EGG HARBOR TOWNSHIP — When the human love for art is in conflict with the human need for food, something good is going to lose. 

The Community FoodBank of New Jersey’s Southern Branch says it needs more space for its mission — which involves feeding people who can’t afford to feed themselves. So the organization plans to build a new warehouse on the site of its old one, because the current building is too small and it can’t be expanded or even repaired economically, says Margie Barham, the executive director.

But that sad conflict arises because that old warehouse is art: Its exterior walls are covered in a swirling “mosaic of tile, glass, mirrors and found objects,” in the technical description of one of the two artists who spent 12 years turning the food bank headquarters — on the Black Horse Pike, just east of the Shore Mall in Egg Harbor Township — into a local landmark, one of the most eye-catching buildings around.

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Bobbi Heisman, 68, was one of those artists — and now she’s a neighbor of the building. In 2001, she moved from a house in Longport to a mobile home within sight of the food bank. She first heard talk around her neighborhood that the building was coming down, and the food bank management confirms those plans. 

That’s obviously a huge disappointment to her, because of all the time she put into the project with her old friend, Bootsie Weiss, who died in 2009. The two first met 50 years ago, as students at the Pennsylvania Academy of Fine Arts. They fell out of touch for a while but got back together in the 1980s,  then spent countless hours from 1995 to 2007 working on the food bank together.

 “This was made to last forever,” Heisman said, standing outside the building one day last week and showing off some of the highlights of the work, including gingerbread men made out of tile, large hearts, and a few words that include “Community,” “Food Bank” — and, in tiny tiles, the two artists’ given and married names.

“Bootsie was the last to continue it. She even worked on it through her chemotherapy,” Heisman adds.

So no matter how sympathetic she is to the food bank’s mission — and she didn’t spend 12 years volunteering there because she hates the organization or its goals — she still believes someone should look out for the side of art. So she says she and Weiss’ widower are looking into laws that could protect the mosaic as a work of art.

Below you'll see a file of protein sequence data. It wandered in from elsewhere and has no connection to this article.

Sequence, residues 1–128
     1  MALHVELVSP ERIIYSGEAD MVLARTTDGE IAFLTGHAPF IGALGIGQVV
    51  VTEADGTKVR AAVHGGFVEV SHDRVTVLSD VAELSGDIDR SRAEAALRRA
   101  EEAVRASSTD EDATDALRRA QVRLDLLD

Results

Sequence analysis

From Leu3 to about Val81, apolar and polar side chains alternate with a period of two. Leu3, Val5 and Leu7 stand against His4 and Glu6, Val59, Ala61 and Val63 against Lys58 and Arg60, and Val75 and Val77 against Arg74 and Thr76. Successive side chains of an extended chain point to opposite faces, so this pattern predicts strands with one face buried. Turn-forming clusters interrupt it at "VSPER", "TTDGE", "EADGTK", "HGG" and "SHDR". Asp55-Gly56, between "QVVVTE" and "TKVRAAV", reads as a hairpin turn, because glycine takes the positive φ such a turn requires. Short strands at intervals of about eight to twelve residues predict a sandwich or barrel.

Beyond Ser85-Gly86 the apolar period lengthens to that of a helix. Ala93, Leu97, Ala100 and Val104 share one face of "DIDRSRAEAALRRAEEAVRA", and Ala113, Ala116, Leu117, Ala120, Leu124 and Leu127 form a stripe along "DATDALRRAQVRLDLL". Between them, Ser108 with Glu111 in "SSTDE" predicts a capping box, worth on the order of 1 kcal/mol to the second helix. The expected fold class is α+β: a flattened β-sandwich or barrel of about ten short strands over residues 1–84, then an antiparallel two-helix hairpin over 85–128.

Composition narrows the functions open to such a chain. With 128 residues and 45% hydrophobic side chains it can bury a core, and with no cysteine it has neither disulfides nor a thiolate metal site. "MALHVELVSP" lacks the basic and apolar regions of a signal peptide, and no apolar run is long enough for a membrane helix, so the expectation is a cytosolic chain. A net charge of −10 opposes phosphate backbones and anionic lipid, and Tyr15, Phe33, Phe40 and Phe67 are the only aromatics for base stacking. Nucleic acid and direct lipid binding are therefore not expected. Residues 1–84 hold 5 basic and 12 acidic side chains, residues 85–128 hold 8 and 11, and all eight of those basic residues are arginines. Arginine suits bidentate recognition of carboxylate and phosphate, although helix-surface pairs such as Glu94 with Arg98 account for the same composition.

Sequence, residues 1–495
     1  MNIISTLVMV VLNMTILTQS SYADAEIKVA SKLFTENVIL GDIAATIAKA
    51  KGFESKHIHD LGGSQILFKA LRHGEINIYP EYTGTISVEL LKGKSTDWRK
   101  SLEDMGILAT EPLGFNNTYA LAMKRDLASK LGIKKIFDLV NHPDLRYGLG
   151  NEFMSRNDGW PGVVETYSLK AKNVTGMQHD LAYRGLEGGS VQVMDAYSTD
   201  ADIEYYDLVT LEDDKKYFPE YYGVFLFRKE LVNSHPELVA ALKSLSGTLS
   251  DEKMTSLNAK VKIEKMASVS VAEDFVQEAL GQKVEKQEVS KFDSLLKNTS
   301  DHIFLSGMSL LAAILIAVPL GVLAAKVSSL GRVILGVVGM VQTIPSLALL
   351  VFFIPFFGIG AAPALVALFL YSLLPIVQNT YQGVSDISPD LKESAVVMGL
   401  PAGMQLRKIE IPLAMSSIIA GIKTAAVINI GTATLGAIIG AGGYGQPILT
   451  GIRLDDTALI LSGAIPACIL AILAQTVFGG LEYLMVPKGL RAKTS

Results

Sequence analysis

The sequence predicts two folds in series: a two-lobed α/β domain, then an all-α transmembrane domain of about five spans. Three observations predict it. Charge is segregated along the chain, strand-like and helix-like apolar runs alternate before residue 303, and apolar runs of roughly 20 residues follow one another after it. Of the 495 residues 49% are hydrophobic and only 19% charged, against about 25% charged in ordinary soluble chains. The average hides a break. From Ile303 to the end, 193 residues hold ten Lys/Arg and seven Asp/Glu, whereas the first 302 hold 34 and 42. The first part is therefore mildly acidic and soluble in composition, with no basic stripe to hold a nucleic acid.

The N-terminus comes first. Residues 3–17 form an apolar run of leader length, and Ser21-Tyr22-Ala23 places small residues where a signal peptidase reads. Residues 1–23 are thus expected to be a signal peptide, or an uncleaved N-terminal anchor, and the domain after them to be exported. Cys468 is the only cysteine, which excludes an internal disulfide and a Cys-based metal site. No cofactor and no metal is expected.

Barham says people at the food bank also hate to give up the art that covers their home, but the building just can’t accomodate its owners anymore. So over the first few weeks of this month, the food bank moved out of its warehouse to a temporary home in the old Value City department store’s space in the Shore Mall.

“It’s got this beautiful facade, and we love it too,” she says. “It is a landmark, but the need has risen so dramatically that we have to stick with our mission of providing food for those in need. And the building isn’t allowing us to do that.”

She says the nonprofit organization has “doubled our distribution in the last two years,” and handled 7.1 million pounds of food in 2010. “The need is going through the roof — we’re seeing unprecedented need in this area” in the weak national and local economy.

The current building — a lumberyard headquarters before the food bank took over in 1994 — doesn’t have enough storage or refrigerator space, and the space it does have is too “chopped up, a lot of it is not functional, you can’t get a forklift in it,” Barham explains. Plus the roof is too low for a modern food warehouse, she adds.

“We don’t have the vertical space, we can only go up so high,” she says. “But there are more issues than just the space. ... It has cracks in the walls, leaks in the roof, termites, you name it.”

The management did investigate expanding and repairing the existing building, she says.  

“But it’s not practical — it would cost us more, and we still wouldn’t have what we needed,” she says. “When you’re doing twice as much as you’ve ever done, you need to find the space for that. ... We’re obligated morally and ethically to choose the most economically sound option as we move forward. ”

The food bank still needs approval from Egg Harbor Township’s Planning Board before it can do anything to start the 29,160-square-foot “Butler building” — a prefabricated metal structure — it hopes to replace the current building with. As of Friday, the application was scheduled to be heard at the board’s Feb. 22 meeting. 

If the food bank gets that OK, the first step will be to demolish the existing building. Barham promises that when the time comes, the organization will ask contractors to try to salvage any sections of the mosaic they can get off intact.

“We will do whatever we can to save whatever we can, and then use it in some way,” she says. “Because we do love it too. It is recognized as the food bank, and we totally regret this. But we tried to work (preserving) it every way we can, and we just couldn’t do it.”

After her years in this labor of love with her friend, Heisman can’t find much solace — or hope — in talk of rescuing parts of her project. She knows, as food-bank people do, that the art was built right into the walls, not mounted onto portable sections with an eye toward removing it a piece at a time.   

“But it’s a shame for the public too that it’s going to be gone,” Heisman says. “Because it was an uplifting thing — so many people told me how when they went by, it lifted their spirits. ... I don’t think they’ll be able to save it. I’m not very hopeful about that.”

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